60th Anniversary of Brown v. Board of Education Desegregation Decision Commemorated
Jim Crow Banished, But Failing Public Schools a Crisis for Many Black Youth
Vouchers and Other Alternatives to Failing Public Schools Needed for Full Equality of Opportunity
Washington, D.C. - On the 60th anniversary of the U.S. Supreme Court's Brown v. Board of Education ruling that mandated desegregation in American public schools, members of the Project 21 black leadership network commend the necessary desegregation of public education, but point out that providing all students with a quality education, including viable alternatives, still challenges government.
"While it's important to commemorate Brown v. Board of Education as the beginning of the end of legal segregation, it must also be recognized that public education still sometimes denies true opportunity when government cannot live up to its mission. There's still a long way to go, particularly in giving minority children in large cities an escape from low-performing, government-run schools," said Project 21 Co-Chairman Cherylyn Harley LeBon, a former senior counsel with the U.S. Senate Judiciary Committee. "Instituting voucher programs and encouraging charter schools is a positive step toward giving parents alternatives to failing public schools. While there are leaders such as Louisiana Governor Bobby Jindal and former Washington, D.C. Mayor Adrian Fenty willing to champion such reforms, it's a shame many of the same people lauding the Brown anniversary are also among those seeking to stop such reforms from proceeding."
A consolidation of five different cases involving racially-segregated public schools, the Brown v. Board of Education decision was handed down by the Supreme Court on May 17, 1954. The ruling, a unanimous decision, declared that segregated schools are "inherently unequal" and that there is no place for the Jim Crow era doctrine of "separate but equal" in government-run school systems. The Court at the time of the ruling left it up to state attorneys general to submit individual desegregation plans, but declared in 1955 that efforts to fully desegregate public schools needed to commence with "all deliberate speed."
In its ruling on Brown, the Supreme Court found the policy of segregated education violated the Equal Protection Clause of the 14th Amendment of the U.S. Constitution. In doing so, the Court overturned its 1896 decision in Plessy v. Ferguson that had upheld Jim Crow laws.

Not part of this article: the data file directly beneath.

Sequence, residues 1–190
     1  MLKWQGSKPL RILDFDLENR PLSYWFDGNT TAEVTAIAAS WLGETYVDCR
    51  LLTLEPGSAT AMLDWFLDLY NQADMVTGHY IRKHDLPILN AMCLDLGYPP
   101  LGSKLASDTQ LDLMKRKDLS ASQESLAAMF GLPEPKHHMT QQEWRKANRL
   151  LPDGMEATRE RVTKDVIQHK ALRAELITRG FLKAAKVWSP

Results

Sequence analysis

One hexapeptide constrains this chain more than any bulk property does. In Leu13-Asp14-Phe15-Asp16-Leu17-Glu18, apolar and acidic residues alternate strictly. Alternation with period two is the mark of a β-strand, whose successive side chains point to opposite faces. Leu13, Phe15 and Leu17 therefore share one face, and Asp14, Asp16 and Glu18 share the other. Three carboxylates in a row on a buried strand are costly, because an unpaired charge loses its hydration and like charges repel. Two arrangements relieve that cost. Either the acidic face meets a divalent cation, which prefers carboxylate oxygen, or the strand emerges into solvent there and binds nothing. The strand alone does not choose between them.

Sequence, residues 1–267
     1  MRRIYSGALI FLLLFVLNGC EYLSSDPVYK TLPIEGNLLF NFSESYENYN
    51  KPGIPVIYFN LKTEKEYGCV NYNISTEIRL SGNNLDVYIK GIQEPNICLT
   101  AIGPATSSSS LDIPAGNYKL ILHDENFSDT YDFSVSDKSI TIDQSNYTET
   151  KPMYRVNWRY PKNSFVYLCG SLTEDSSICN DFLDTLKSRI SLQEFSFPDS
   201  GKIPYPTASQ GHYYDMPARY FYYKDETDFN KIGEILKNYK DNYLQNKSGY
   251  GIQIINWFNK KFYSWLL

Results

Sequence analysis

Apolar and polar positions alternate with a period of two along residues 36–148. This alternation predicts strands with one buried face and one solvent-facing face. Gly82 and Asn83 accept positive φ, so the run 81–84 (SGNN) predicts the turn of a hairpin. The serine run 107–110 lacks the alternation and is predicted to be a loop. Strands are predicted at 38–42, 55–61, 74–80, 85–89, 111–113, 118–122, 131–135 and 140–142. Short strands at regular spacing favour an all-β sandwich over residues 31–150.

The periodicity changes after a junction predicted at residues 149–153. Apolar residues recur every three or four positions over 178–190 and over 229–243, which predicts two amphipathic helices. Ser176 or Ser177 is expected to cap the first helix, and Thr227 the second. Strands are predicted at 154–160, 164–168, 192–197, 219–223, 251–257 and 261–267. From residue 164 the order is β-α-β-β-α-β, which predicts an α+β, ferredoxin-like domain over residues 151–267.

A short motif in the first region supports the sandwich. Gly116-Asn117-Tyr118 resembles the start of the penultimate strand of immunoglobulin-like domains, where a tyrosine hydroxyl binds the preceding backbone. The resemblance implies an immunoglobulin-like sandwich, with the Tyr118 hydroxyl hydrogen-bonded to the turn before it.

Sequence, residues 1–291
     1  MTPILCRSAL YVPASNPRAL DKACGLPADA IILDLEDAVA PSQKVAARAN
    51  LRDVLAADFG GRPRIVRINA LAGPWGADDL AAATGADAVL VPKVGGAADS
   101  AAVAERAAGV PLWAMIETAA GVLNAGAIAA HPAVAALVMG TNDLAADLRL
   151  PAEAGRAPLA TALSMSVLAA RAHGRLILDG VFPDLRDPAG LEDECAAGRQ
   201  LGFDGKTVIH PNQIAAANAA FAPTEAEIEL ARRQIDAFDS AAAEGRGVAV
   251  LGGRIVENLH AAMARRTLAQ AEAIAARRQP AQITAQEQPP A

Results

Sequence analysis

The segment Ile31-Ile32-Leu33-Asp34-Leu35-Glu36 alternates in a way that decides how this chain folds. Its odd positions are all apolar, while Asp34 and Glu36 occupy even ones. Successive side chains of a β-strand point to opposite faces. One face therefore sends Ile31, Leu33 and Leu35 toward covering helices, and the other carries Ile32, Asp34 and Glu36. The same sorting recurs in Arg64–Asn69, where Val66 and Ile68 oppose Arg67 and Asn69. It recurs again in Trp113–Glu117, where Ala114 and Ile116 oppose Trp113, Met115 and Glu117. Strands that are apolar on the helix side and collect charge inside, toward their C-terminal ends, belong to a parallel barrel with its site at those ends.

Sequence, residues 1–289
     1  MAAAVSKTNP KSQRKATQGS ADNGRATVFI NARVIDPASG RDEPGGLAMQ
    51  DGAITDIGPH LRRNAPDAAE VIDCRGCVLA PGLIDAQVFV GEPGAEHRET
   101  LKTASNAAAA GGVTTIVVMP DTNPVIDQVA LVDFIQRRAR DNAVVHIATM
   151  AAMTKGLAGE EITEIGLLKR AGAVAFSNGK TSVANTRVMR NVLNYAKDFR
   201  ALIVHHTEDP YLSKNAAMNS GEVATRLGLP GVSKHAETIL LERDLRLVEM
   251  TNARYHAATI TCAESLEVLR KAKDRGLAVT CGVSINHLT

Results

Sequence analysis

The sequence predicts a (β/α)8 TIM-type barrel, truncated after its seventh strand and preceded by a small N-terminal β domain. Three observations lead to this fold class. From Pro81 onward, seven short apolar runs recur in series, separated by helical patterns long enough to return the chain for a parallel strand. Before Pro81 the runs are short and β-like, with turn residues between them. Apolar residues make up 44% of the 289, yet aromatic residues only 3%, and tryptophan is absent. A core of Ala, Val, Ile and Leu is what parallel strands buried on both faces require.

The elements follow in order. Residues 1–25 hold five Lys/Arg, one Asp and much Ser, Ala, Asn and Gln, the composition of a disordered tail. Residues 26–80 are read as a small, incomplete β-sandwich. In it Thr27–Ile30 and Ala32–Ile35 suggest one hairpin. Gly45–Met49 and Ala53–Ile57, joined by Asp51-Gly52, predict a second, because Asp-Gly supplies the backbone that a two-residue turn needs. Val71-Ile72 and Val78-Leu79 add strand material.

"Brown v. Board of Education should be celebrated as a high point in American history. What should be lamented is the current state of the nation's public school system, said Project 21's Derryck Green, a doctoral candidate in ministry. "De facto segregation has returned on the basis of class, which unfortunately, continues to disproportionately affect poor minorities — particularly black children. Teachers' unions have demonstrated an unwillingness to allow poor and minority children access to quality education of their parents' choosing through school vouchers. Teachers' unions obstructing school choice is perfectly emblematic of segregationist former Alabama governor George Wallace, who defiantly stood in the schoolhouse door to block welcome progress."
"As we mark the 60th anniversary of the landmark Brown v. Board of Education decision, there is little to celebrate in the way of educational achievement in inner city schools across America. Dropout rates are too high and graduation rates too low. An appropriate and effective way to address the poor performance is through parental engagement and raising expectations," said Project 21's Stacy Washington, a St. Louis radio talk show host and former school board officer. "Many innovative educational formats have sprung up in response to academic malaise and are gaining in popularity as parents leave public education institutions and seek other options. The best way to celebrate and commemorate Brown is by supporting those parents and communities and encouraging more educational innovation."
Over past two years, Project 21 has been involved in the U.S. Supreme Court education cases of Fisher v. University of Texas at Austin and Schuette v. Coalition to Defend Affirmative Action.
After the Court heard arguments in the Schuette case, Project 21 held a policy luncheon (video available here) that featured Jennifer Gratz, the executive director of the Michigan Civil Rights Initiative that was the basis for the Schuette case. Gratz, of course, also was the plaintiff in the 2003 race preference case of Gratz v. Bollinger.
In 2014, members of Project 21 have already participated in over 600 media interviews and citations that include MSNBC, the Fox News Channel, TVOne, Sirius/XM satellite radio, The Root and Westwood One on a myriad of issues facing black Americans that includes education, racial preferences, the economy, voter ID, regulation and law enforcement.
Project 21, a leading voice of black conservatives for nearly two decades, is sponsored by the National Center for Public Policy Research (http://www.nationalcenter.org). Contributions to the National Center are tax-deductible and greatly appreciated.